Our most famous advertising slogan, “The lens alone is worth the price,” resulted from an outside lab using rigid lens testing to prove superb performance. Slowly, dealers were moving Konicas off the shelves. The Korean War brought photojournalists to the Far East. They praised the Japanese photo equipment. Sales picked up. We hired a national sales force and were able to afford a house. Then we suffered a big setback as workers in the newly democratic Japan went on strike. No shipments were made for what seemed a very long time. Office help went on part time. The salesmen couldn’t get commissions. By then we had two children. We dug into savings. Henry said if we got through it, and if anyone ever offered to buy us out, I should remind him of this anxious time.
The strike ended. We were solvent again. Around 1960, at the International Photo Exposition (Photokina) in Cologne, Germany, Henry networked with a fellow refugee, Paul Klingenstein, who imported prestigious German photo products in a division of Berkey Photo Co. He introduced Henry to Ben Berkey who was looking to add a Japanese line. Thus, I reminded Henry of his desire for security.
Joining Berkey (a large New York Stock Exchange firm) meant that I no longer would be part of the business. We moved to New York. With Henry still running Konica, engineers made more sophisticated models including high-resolution interchangeable lenses. It was a great time for the photo industry. Japanese products had overtaken ninety per cent of the US import market; Japanese cameras also saturated Europe, and even Germany. But soon point and shoot cameras offered lighter, pocket-size designs, and Henry studied the new trends. He said film was on the way out. Manufacturers like Sony and Fuji hinted replacing film with chip technology. No film—unthinkable! It was time to move on.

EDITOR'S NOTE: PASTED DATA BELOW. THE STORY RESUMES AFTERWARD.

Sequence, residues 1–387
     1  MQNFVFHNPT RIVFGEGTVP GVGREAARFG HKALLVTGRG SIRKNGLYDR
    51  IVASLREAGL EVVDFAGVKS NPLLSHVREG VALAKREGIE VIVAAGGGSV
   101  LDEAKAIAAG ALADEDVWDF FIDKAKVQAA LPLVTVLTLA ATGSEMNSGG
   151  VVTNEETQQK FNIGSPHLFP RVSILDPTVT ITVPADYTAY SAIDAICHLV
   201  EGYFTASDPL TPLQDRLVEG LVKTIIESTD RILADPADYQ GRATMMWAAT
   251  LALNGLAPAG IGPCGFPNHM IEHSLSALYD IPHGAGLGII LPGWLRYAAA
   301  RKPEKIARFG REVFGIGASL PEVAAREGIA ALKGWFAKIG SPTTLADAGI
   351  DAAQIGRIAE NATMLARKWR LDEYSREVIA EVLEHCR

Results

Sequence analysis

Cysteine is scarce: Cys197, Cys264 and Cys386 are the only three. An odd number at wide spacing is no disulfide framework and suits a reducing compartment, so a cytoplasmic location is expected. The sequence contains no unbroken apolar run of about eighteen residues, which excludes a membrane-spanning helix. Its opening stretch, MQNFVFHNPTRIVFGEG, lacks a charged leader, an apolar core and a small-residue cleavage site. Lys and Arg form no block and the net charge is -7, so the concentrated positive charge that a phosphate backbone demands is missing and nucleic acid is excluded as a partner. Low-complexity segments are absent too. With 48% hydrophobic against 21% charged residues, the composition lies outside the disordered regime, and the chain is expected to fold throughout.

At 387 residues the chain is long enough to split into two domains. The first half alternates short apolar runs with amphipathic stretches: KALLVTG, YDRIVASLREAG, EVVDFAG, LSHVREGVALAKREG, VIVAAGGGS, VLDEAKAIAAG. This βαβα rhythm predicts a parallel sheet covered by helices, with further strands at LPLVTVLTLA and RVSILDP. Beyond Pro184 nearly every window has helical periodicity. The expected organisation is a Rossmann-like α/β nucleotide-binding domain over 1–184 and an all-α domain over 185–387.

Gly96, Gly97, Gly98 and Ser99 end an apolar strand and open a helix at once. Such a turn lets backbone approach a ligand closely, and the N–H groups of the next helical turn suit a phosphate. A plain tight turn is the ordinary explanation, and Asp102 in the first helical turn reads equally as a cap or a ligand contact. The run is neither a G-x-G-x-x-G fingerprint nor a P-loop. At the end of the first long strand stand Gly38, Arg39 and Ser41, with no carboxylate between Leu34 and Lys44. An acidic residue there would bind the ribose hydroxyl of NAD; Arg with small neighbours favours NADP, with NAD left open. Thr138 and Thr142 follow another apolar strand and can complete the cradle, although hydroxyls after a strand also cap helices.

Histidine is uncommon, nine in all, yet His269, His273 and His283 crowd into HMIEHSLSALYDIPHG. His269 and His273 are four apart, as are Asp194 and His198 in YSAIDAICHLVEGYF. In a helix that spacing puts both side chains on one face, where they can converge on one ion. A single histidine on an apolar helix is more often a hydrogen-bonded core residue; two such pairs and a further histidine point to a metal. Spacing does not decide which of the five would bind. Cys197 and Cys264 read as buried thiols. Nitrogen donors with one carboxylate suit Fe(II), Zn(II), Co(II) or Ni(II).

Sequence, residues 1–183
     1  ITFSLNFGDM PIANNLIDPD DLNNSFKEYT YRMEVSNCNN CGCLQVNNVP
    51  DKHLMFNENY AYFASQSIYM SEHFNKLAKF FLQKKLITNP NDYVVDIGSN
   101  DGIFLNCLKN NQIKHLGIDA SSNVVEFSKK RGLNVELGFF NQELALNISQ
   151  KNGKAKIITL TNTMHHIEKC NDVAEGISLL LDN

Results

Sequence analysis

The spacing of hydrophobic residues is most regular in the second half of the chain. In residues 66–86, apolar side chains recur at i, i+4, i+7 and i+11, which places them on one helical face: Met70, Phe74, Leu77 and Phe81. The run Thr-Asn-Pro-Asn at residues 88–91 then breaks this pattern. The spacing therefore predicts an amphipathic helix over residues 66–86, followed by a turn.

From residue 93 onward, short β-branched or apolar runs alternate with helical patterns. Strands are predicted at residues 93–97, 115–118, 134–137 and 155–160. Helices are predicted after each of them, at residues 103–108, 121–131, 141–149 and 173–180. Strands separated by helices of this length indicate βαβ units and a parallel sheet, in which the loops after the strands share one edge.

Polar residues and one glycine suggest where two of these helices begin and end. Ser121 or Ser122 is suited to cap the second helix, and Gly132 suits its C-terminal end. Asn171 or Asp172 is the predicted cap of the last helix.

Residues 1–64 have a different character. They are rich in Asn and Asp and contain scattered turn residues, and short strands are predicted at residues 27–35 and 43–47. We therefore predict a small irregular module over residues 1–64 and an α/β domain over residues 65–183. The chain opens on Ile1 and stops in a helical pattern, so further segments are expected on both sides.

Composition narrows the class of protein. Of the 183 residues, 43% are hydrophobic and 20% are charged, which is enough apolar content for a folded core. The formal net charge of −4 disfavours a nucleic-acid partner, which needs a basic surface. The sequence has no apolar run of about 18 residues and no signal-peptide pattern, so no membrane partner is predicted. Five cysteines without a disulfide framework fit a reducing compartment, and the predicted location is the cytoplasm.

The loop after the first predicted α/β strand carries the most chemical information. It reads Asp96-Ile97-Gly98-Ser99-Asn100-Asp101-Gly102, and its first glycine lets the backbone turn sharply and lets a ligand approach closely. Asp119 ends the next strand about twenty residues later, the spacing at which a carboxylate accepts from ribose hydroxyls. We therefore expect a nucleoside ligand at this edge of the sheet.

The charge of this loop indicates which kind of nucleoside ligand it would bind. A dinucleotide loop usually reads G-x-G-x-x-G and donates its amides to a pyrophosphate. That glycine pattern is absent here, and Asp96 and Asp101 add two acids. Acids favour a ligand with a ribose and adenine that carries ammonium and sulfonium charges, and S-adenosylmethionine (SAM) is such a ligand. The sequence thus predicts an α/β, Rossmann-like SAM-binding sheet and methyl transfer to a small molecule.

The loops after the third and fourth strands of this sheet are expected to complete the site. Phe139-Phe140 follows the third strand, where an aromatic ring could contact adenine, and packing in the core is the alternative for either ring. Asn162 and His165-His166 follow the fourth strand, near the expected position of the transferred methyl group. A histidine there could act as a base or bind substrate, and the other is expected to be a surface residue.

When Japanese photo manufacturers set up their own US locations, we returned the Konica trademark. And in 1980, Henry left Berkey to become an entrepreneur again. With the children now grown, Henry and I founded Froehlich Fotovideo. I designed the logo. We took the equipment that transferred prints, movies and film to videotape for a second opinion to a friendly dealer, Marvin Lederman. Though few people knew what a VCR was then, Marvin thought the idea good enough to suggest that we hire his two sons to develop and sell the systems. Our daughter Carol joined in (a family business again), and soon customers wanted their old photos preserved, transferred and shown on TV. The market got saturated in five years. Jan Lederman became Henry’s protégé.
Attending another Photokina, Henry felt the need to shift to the professional field. He connected with Mamiya, a manufacturer of medium format cameras, then added Toyo large format. To set up a new marketing company, Henry brought Paul Klingenstein out of retirement and included Jan Lederman. The new company, Mamiya America, opened a plant in Elmsford, NY. The company expanded and changed its name to the MAC Group—servicing many amazing photographers, who also became friends. Henry planned to retire and slowly turned over management to Jan. Then, suddenly in January 2008, Henry died of cardiac arrest at age eighty-five—leaving Jan to carry on, and Henry Froehlich to be remembered as a pioneer of the photo industry.